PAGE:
Peeling away the sad facts of onion farming
For onion farmers in northern Hải Dương Province’s Kinh Môn District, the past year has been enough to reduce them to tears.

“From VNĐ15,000, it gradually dropped to VNĐ9,000 per kilogram,” said farmer Nguyễn Thị Mì describing the value of onions.

Today’s prices make for even grimmer reading. One kilogramme of fresh onions sells for no more than VNĐ2,500 (11 US cents).

And not only are the prices so low, but bad weather has also seriously hampered production.

“Onions grew nicely at the begining of the season,” said Mì.

“After a week of prolonged rains, it turned out like this, flattened in the mud. If it rains again, all remaining onions will be destroyed. This crop is such a failure.”

“It’s sad, so so sad,” was how Nguyễn Ngọc Bình, another farmer in Kinh Môn District described this year’s crop.

“I don’t know what it is like at the year end, but it is a sad year for farmers.

“Misty weather has spoiled the crop. We have lost some 30-40 per cent of the yield.”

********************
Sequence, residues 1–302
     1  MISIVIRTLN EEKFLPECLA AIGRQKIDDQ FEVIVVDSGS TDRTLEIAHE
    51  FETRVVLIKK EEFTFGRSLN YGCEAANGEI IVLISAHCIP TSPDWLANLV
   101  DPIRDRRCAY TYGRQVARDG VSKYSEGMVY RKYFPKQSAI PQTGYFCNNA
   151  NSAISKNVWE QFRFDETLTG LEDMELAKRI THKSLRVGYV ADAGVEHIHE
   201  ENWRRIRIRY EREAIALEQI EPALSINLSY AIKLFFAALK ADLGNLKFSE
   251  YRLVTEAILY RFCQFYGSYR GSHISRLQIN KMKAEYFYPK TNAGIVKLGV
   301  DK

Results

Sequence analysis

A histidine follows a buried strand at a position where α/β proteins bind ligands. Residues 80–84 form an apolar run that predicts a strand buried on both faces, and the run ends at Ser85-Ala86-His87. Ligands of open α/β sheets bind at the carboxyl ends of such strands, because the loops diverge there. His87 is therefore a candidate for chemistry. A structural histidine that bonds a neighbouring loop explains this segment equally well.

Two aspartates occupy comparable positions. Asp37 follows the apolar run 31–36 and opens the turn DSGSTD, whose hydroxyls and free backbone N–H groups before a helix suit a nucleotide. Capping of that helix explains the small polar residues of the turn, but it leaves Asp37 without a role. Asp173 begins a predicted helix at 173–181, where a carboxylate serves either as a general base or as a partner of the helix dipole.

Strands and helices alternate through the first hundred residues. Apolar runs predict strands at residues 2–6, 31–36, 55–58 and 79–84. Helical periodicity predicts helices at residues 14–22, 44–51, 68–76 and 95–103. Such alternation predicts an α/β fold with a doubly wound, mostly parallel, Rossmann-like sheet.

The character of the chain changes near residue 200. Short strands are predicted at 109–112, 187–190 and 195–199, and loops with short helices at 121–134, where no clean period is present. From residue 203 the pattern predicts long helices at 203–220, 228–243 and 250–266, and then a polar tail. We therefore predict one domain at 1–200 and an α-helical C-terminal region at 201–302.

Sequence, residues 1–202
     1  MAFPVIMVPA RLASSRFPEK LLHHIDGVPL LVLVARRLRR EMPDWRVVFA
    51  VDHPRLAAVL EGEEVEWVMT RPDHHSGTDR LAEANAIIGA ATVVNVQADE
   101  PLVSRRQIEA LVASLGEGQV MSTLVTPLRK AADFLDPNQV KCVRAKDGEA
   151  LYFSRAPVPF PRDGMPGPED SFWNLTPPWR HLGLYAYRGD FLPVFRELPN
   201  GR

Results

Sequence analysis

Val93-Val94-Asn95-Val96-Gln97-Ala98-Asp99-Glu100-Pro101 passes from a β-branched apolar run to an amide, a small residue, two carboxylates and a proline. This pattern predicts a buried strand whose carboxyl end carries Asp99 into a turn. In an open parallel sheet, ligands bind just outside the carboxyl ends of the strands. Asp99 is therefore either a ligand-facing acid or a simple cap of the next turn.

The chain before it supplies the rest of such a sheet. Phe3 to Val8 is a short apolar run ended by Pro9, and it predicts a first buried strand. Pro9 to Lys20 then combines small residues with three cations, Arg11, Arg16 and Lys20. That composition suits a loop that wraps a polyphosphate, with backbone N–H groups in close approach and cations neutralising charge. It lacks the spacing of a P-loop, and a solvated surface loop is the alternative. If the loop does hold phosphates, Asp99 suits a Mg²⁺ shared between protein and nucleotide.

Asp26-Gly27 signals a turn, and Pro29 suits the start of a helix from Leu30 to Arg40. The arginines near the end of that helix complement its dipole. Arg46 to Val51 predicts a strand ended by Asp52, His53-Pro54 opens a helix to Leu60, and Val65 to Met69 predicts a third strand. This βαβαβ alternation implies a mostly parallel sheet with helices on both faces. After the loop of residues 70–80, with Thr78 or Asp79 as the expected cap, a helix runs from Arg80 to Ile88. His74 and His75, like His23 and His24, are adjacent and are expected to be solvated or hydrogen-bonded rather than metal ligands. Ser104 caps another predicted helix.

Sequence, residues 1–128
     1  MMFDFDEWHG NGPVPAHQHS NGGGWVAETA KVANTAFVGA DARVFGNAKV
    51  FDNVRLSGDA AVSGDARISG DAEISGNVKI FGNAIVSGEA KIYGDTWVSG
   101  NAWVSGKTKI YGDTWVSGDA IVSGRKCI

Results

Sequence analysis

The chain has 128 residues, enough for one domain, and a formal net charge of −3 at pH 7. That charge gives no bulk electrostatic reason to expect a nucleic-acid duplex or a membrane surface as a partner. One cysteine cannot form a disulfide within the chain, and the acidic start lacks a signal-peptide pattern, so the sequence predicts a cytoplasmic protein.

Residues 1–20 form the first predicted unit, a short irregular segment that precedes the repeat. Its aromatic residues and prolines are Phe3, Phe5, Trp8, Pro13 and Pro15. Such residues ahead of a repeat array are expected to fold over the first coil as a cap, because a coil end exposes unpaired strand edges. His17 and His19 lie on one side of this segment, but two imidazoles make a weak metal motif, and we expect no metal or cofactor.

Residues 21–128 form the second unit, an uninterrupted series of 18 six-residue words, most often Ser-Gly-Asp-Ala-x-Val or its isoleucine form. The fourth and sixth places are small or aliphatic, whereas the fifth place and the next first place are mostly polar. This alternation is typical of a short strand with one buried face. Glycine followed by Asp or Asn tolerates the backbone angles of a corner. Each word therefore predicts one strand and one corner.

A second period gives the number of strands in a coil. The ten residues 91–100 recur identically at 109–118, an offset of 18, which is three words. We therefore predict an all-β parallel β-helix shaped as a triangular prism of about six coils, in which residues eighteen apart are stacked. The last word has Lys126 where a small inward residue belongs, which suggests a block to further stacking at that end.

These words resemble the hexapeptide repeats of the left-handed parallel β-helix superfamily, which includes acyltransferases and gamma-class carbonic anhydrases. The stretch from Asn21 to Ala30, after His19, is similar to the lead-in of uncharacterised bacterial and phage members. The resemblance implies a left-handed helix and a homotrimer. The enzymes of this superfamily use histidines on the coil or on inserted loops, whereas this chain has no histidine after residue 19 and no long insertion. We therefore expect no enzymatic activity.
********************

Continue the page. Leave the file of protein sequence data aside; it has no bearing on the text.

According to Nguyễn Thị Liễu, head of Kinh Môn District People’s Committee, the locality has 3,500ha of onions making it the largest in the northern region.

Farmers start cultivating onion in October, after the sticky rice crop.

In previous years, the average production was some 50,000 tonnes, offering farmers an annual income of around VNĐ1 trillion ($43 million).

However, the unstable market has been threatening their livelihoods. This year’s crop along with the price of onions is among the worst in recent times.

Nguyễn Xuân Hạ, head of Kinh Môn District Department of Agriculture and Rural Development, said applying innovation and organic farming techniques can improve the situation.

He said: “The district authority has supplied farmers with Emina probiotics (developed by Việt Nam National University of Agriculture) to assist farmers plant onions organically.

“The district is striving to develop clean agricultural production to increase the quality and value of the products and increase farmers’ income.”

With these new methods, Kinh Môn farmers are hoping not shed a tears after the next onion crop. — VNS


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